N-acetylcysteine (NAC), an anti-oxidant, does not improve bone mechanical properties in a rat model of progressive chronic kidney disease-mineral bone disorder
In conclusion, NAC failed to significantly improve bone architecture/geometry/mechanical properties in the authors' rat model of progressive CKD, and AGE levels in the bone were elevated in CKD animals and were reduced with NAC although this did not translate to a benefit in bone mechanical properties.


Ubiquinol-10 protects human low density lipoprotein more efficiently against lipid peroxidation than does alpha-tocopherol.
  • R. Stocker, V. Bowry, B. Frei
  • Chemistry, Biology
    Proceedings of the National Academy of Sciences of the United States of America
  • 1991
Investigation of the temporal disappearance of natural antioxidants associated with human low density lipoprotein (LDL) in relation to the appearance of various classes of lipid hydroperoxides shows that ubiquinol-10 is much more efficient in inhibiting LDL oxidation than either lycopene, beta-carotene, or alpha-tocopherol.
Glycation and oxidation: a role in the pathogenesis of atherosclerosis.
  • T. Lyons
  • Biology, Chemistry
    The American journal of cardiology
  • 1993
Quantification of malondialdehyde and 4-hydroxynonenal adducts to lysine residues in native and oxidized human low-density lipoprotein.
LM, LML and LHNE should be useful as biomarkers of lipid peroxidative modification of protein and of oxidative stress in vitro and in vivo and are the first report of direct chemical measurement of MDA and HNE adducts to lysine residues in LDL.
Intensification of Free Radical Oxidation of Low-Density Lipoproteins in the Plasma of Patients with Ischemic Heart Disease Receiving beta-Hydroxy-beta-Methylglutaryl-Coenzyme A Reductase Inhibitor Cerivastatin and Inhibition of Low-Density Lipoprotein Peroxidation with Antioxidant Probucol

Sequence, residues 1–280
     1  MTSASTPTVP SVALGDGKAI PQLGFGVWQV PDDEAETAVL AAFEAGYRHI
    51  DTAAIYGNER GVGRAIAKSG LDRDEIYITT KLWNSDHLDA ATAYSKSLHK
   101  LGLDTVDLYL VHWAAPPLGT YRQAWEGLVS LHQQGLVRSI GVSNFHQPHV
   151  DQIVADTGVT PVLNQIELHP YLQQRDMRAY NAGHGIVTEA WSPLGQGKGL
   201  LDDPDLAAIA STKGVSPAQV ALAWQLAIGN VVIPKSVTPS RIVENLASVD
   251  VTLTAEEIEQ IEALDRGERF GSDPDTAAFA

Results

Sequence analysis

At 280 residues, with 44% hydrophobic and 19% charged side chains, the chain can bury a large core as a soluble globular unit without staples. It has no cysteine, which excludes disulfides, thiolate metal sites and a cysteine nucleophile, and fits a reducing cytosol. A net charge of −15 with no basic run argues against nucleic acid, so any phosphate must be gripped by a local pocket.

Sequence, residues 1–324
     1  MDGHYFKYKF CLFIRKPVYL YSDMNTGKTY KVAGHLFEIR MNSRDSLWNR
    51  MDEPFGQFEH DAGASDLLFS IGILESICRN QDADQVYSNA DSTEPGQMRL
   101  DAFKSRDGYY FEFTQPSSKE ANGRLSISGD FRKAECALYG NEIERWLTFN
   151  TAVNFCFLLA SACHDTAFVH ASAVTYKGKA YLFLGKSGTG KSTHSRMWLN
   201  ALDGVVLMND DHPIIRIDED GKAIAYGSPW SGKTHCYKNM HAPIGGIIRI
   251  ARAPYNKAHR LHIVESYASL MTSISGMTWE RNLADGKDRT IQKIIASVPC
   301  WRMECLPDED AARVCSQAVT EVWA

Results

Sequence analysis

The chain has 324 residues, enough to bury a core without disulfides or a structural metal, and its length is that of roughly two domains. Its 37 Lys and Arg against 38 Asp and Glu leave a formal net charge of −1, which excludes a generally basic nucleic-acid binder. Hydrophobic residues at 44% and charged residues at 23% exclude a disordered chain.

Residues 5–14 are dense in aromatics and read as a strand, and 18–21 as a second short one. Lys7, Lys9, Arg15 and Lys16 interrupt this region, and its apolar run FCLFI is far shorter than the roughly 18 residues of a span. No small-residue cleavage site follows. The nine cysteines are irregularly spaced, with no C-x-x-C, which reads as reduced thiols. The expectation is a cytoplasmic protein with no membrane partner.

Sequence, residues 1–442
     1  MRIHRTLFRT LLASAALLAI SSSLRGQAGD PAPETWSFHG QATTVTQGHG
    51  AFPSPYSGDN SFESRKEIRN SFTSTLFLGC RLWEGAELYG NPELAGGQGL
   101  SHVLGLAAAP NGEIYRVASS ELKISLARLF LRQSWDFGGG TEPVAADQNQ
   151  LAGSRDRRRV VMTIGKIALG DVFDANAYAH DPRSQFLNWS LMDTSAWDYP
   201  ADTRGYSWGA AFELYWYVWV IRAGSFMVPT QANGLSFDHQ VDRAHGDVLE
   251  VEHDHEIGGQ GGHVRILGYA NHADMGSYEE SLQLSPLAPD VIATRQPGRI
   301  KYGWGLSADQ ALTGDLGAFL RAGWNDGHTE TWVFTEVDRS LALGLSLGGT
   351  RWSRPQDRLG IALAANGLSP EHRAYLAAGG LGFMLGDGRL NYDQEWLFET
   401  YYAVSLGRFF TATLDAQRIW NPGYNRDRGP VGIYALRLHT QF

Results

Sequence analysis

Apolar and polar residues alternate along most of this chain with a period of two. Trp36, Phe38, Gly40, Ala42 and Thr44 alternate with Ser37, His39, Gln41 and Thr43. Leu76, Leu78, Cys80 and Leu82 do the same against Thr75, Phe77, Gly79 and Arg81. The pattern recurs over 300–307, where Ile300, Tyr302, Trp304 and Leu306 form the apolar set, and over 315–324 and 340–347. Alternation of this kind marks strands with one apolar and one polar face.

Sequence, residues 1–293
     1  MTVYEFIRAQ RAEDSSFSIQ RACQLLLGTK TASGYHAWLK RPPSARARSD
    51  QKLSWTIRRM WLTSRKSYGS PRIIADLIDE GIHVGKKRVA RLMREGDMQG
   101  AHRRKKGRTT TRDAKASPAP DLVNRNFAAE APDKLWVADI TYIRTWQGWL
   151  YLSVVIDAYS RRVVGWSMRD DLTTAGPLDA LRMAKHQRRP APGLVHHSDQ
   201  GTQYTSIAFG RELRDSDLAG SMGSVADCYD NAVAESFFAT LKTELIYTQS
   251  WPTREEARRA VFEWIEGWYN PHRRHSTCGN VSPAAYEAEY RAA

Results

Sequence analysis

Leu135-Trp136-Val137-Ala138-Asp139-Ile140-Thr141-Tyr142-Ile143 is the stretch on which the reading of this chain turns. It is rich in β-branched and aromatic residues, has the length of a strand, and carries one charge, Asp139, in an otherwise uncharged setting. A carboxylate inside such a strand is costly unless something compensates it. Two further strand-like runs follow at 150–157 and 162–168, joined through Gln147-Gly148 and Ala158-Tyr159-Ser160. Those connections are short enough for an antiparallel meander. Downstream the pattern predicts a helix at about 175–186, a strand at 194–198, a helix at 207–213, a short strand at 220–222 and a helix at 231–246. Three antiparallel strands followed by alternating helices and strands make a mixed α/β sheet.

The data indicate that antioxidant agents should be used in combination with inhibitors of beta-hydroxy-beta-methylglutaryl-coenzyme A reductase (hypolipidemic preparations) for the therapy of patients with coronary heart disease.
Malondialdehyde alteration of low density lipoproteins leads to cholesteryl ester accumulation in human monocyte-macrophages.
It is hypothesize that one modification of LDL in vivo may result from malondialdehyde which is released from blood platelets or is produced by lipid peroxidation at the site of arterial injury.
Effect of β-hydroxy-β-methylglutaryl coenzyme a reductase inhibitors and antioxidant vitamins on free radical lipid oxidation in rat liver
The results indicate that β-hydroxy-β-methylglutaryl coenzyme A reductase inhibitors produce a prooxidant effect on the liver, which can be prevented by administration of antioxidant agents.
Vitamin E in human low-density lipoprotein. When and how this antioxidant becomes a pro-oxidant.
It is proposed that perodixation is propagated within lipoprotein particles by reaction of the vitamin E radical with polyunsaturated fatty acid moieties in the lipid, which explains how reagents which reduce the alpha-tocopheroxyl radical strongly inhibit lipid peroxidation in vitamin E-containing LDL.
Oxidation-induced aggregation of rabbit low-density lipoprotein by azo initiator.
The results indicated that the oxidation by AAPH can induce the aggregation of LDL and that the AO-LDL contribute to lipid accumulation into macrophages more than the MO- LDL.
Effect of Ubiquinone Q10 and Antioxidant Vitamins on Free Radical Oxidation of Phospholipids in Biological Membranes of Rat Liver
It can be expected that reduced ubiquinone Q10in vivo should produce a more pronounced protective effect due to activity of the system for bioregeneration of this natural antioxidant.